i personally think that at least checking how a mix sounds in mono is a good idea...
badbrainz wrote: I'm a drummer, so I'm already at an intellectual disadvantage here

mrgrim3
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Re: MIXING in MONO ??

Post by mrgrim3 » Thu Feb 11, 2016 5:09 am

fishmonkey wrote:you don't need a Utility device on every track, just whack one on the master...
i wish i knew this earlier lol lots of time wasted slapping utility on seperate tracks

Stromkraft
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Re: MIXING in MONO ??

Post by Stromkraft » Thu Feb 11, 2016 6:20 am

brian sansone wrote: What if you have stereo plug in instruments cranking out complex stereo sounds, and your mix sounds off on mono?
Where do you start?
Collapsing the bass spectrum to mono is a good start. Unless you need the bass spectrum in stereo. There was a recent discussion about different techniques in October: Collapse bass to mono alternatives (non m/s). Not exhaustive, but useful. There was also a sibling discussion: Fully Mono compatible Mid/Side techniques? with great contributions from Angstrom and andy_cytomic. I'm sure there have been other discussions before those too.

When you are mixing in mono, remember to turn off one speaker and focus on one. I find at least testing in mono is important because of possible phase cancellations when equalizing. Why waste time on a superb stereo mix only to realize it gets dull in mono?
Make some music!

Tarekith
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Re: MIXING in MONO ??

Post by Tarekith » Thu Feb 11, 2016 6:49 am

Agreed, it's a nice reality check when you're almost done with a mixdown. Especially since everyone is slapping stereo wideners on everything these days, and you suddenly realize that wicked wide lead you made is now totally silent in mono :)

But yeah, as mentioned the vast majority of people are going to be listening in stereo anyway, so I'd still focus on making your song sound good that way versus making compromises strictly for mono.
Tarekith
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ZaBong69
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Re: MIXING in MONO ??

Post by ZaBong69 » Thu Feb 11, 2016 11:11 am

brian sansone wrote: One thing he talks about is the importance of mixing in mono; especially when using head phones.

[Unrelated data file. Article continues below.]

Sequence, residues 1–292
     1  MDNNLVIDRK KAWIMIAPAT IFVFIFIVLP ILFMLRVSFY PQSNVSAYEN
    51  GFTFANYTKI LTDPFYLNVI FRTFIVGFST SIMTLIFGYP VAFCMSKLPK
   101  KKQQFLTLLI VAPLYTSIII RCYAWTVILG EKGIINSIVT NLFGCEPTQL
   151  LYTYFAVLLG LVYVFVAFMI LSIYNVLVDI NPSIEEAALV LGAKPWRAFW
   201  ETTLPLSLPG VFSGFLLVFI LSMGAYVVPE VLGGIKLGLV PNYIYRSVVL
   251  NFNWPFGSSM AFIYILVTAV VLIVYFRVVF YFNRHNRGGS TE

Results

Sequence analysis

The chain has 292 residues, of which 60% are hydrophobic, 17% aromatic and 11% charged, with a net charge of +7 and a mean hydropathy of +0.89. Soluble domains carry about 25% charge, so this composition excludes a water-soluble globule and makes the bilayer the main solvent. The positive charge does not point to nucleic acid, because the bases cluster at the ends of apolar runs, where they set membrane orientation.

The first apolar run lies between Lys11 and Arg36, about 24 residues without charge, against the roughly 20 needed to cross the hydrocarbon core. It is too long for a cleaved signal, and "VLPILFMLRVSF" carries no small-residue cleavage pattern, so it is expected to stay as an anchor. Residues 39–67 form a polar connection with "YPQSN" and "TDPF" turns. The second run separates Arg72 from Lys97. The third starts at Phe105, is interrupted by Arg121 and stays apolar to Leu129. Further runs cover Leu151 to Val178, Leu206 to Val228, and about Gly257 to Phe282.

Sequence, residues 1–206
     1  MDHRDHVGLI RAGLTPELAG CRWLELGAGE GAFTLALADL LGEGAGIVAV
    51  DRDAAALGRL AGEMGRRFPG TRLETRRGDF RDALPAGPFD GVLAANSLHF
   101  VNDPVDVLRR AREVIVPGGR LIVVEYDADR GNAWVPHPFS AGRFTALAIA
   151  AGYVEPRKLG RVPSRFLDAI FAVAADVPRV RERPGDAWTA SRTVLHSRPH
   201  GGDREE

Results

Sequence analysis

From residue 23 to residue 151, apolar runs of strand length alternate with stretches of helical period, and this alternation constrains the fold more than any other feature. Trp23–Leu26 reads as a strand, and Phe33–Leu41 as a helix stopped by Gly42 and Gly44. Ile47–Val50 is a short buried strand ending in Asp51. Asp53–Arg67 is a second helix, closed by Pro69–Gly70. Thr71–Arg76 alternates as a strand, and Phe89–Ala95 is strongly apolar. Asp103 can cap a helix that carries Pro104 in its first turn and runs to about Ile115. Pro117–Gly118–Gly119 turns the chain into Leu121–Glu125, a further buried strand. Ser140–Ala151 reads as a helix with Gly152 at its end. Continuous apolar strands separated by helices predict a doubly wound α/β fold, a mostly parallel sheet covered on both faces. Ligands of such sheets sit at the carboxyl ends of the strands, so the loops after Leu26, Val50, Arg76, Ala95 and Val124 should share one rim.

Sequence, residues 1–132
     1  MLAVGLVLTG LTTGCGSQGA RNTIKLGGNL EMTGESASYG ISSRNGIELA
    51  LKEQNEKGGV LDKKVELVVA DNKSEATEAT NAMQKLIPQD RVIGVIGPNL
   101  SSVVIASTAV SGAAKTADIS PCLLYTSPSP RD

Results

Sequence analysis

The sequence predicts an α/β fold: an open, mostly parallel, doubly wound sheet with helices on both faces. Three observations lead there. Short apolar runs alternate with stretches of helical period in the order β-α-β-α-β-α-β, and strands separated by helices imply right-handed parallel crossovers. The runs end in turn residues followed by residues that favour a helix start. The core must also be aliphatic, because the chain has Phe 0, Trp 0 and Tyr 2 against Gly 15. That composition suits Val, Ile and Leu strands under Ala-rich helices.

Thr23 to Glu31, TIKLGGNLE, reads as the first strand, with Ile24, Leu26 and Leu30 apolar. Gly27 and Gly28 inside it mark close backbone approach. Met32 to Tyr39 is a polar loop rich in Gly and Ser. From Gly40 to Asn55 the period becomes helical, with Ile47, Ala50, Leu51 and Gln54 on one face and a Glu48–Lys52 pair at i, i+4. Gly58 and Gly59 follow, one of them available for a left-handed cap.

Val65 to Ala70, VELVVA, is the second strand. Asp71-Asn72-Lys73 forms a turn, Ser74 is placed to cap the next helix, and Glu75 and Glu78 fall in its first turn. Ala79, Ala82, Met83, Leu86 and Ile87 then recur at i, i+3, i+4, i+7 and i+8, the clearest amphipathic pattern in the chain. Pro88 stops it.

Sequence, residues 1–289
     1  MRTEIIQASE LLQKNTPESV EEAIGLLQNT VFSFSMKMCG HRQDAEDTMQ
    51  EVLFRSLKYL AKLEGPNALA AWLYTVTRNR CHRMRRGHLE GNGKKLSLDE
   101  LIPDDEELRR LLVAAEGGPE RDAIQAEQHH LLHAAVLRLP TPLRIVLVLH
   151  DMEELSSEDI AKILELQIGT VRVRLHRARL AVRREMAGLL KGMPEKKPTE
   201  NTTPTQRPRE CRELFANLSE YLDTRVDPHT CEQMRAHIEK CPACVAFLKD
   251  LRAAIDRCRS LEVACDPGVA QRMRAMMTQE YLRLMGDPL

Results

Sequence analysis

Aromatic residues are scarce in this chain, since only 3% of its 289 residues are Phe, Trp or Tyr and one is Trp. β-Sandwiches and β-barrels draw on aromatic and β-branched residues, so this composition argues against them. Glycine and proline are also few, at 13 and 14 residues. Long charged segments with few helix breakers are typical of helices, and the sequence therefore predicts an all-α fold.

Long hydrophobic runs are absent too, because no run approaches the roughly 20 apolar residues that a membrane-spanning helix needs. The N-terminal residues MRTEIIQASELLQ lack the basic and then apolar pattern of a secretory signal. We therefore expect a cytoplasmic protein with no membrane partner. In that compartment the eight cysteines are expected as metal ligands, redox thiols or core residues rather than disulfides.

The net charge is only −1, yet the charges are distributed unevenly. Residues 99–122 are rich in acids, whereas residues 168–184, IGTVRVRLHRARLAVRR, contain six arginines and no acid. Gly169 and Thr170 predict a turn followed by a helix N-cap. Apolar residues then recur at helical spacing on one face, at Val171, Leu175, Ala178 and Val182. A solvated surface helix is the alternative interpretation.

He states "mono is truth".
Hi,

he is right. Mixing on headphones leads to all kinds of listening errors bc. of that "super stereo" effect - your track sounds wider than it actually is, your brain tries to compensate that, you therefore tire more easily using the headphones, making even more mistakes.

But mono mixing is pretty brutal - many stereo reverbs and delays simply phase cancel each other for instance. Truth hurts. What I believe mono will give you: if you get a balanced track in mono (i.e. good separation of a tracks instruments), then this separation will usually even be better in stereo. If a sound's volume suddenly jumps up when switching to stereo, that seems to be a good indicator for phase cancellation problems that you otherwise can not hear on headphones at all!

I have to use headphones as I do music mostly while travelling. So there is Utility on the master track for switching between mono and stereo, then Sonarworks Reference 3 for making my AT M50x headphones' frequency response almost linear, after that comes Toneboosters Isone to simulate the head-related frequency response that you get from listening on real speakers, which is extremely useful when switching back from mono to stereo.

The result is a very flat, boring, mono sound that I can make even more unappealing by dialing in the Yamaha NS10 speaker simulation in Reference3 (no bass, just mids, plain terrible). Anything that sounds halfway balanced on this murderous chain will sound balanced in stereo as well.

Best,

K
Last edited by ZaBong69 on Fri Feb 12, 2016 6:38 am, edited 1 time in total.

Stromkraft
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Re: MIXING in MONO ??

Post by Stromkraft » Thu Feb 11, 2016 6:29 pm

ZaBong69 wrote: Sonarworks Reference 3 for making my AT M50x headphones' frequency response almost linear, after that comes Toneboosters Isone to simulate the head-related frequency response that you get from listening on real speakers, which is extremely useful when switching back from mono to stereo.
Sounds interesting. I'm so far very happy with Waves NX for speaker in a room simulation, but I'll have to wait for the bluetooth detector.
Make some music!